Online fundraising platform JustGiving is 16 days late filing its latest set of financial accounts – the first to be filed by the platform since it was bought by US technology giant Blackbaud.
Companies must file their accounts with Companies House within nine months of their financial year end, meaning that JustGiving’s accounts for the year ending 31 December 2017 were due on 30 September 2018.
Late filing with Companies House incurs a charge of £150 for the first month. The penalty will increase to £375 if JustGiving does not file its accounts by the end of this month.
A spokesman for the platform said the accounts are “with our auditors” and will be filed “as soon as these are complete”.
Yesterday JustGiving announced significant changes to its fee structure, following months of pressure from the media and politicians over fees being charged on donations made in the wake of terror incidents and the Grenfell Tower fire.
In the summer it was reported by The Guardian that its chief executive, Neil Bannister, was suspended following a harassment allegation is now understood to have left the company.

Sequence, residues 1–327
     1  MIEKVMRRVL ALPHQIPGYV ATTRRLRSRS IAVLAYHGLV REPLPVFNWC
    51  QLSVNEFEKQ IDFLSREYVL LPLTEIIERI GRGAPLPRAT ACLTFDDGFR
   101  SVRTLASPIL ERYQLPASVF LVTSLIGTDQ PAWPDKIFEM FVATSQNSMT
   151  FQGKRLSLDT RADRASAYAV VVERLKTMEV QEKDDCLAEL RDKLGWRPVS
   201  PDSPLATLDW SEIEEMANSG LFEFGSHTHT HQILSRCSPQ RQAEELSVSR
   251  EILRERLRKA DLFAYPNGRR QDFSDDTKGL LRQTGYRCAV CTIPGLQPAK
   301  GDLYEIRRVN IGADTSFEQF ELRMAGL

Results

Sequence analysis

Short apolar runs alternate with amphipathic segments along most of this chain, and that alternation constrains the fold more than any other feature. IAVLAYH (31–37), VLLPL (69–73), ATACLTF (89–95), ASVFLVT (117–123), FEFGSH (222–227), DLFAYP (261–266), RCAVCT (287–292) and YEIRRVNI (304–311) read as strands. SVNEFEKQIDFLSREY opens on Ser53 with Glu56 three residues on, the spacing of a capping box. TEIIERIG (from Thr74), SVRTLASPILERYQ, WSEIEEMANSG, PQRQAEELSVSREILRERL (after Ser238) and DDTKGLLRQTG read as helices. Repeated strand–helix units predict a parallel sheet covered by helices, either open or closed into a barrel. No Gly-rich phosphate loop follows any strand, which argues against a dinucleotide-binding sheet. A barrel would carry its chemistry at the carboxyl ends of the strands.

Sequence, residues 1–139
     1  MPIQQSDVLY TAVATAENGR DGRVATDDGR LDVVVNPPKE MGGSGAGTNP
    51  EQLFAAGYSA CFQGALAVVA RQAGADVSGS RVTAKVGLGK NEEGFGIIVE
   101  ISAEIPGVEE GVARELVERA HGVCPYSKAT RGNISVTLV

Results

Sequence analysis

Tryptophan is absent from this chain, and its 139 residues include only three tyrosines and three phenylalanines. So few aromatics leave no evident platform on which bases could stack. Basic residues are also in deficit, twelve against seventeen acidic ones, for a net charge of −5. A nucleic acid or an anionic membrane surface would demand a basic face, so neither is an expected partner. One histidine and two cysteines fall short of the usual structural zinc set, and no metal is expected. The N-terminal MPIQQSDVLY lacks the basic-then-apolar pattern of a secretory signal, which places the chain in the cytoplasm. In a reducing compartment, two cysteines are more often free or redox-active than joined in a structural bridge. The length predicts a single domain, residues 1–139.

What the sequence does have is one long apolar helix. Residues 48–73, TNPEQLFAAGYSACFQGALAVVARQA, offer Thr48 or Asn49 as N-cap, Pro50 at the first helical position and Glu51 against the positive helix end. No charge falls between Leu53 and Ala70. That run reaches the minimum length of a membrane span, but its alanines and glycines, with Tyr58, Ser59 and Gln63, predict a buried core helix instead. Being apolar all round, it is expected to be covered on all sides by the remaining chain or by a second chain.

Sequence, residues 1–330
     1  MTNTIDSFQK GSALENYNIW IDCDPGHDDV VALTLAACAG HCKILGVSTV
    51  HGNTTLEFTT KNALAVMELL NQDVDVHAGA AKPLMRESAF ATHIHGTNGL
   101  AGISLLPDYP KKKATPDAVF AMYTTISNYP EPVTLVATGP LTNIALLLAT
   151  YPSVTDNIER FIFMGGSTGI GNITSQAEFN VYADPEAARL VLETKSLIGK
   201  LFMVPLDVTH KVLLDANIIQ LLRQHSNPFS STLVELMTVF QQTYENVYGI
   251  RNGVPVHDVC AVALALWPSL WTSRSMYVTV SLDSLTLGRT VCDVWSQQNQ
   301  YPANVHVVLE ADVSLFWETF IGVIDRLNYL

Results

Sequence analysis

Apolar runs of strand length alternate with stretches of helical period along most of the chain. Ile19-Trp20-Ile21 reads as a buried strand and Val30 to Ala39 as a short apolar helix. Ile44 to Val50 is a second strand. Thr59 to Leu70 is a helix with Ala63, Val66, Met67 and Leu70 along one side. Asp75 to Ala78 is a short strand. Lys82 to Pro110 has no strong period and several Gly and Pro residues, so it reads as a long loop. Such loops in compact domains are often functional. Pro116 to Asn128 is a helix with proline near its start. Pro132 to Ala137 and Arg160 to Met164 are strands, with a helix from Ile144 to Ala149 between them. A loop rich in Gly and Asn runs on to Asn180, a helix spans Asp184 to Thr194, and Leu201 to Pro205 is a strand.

At the time JustGiving declined to comment on the specific nature of the incident or who was involved, but since then media statements have been attributed to US-based Blackbaud president Jerry Needel, or a spokesman.
Blackbaud completed the purchase of JustGiving from its founders Anne Marie Huby and Zarine Kharas just over a year ago, paying around £95m for the platform.
JustGiving’s 2016 accounts show it had a turnover of £24.5m and made a profit of over £1m. It employed 141 people.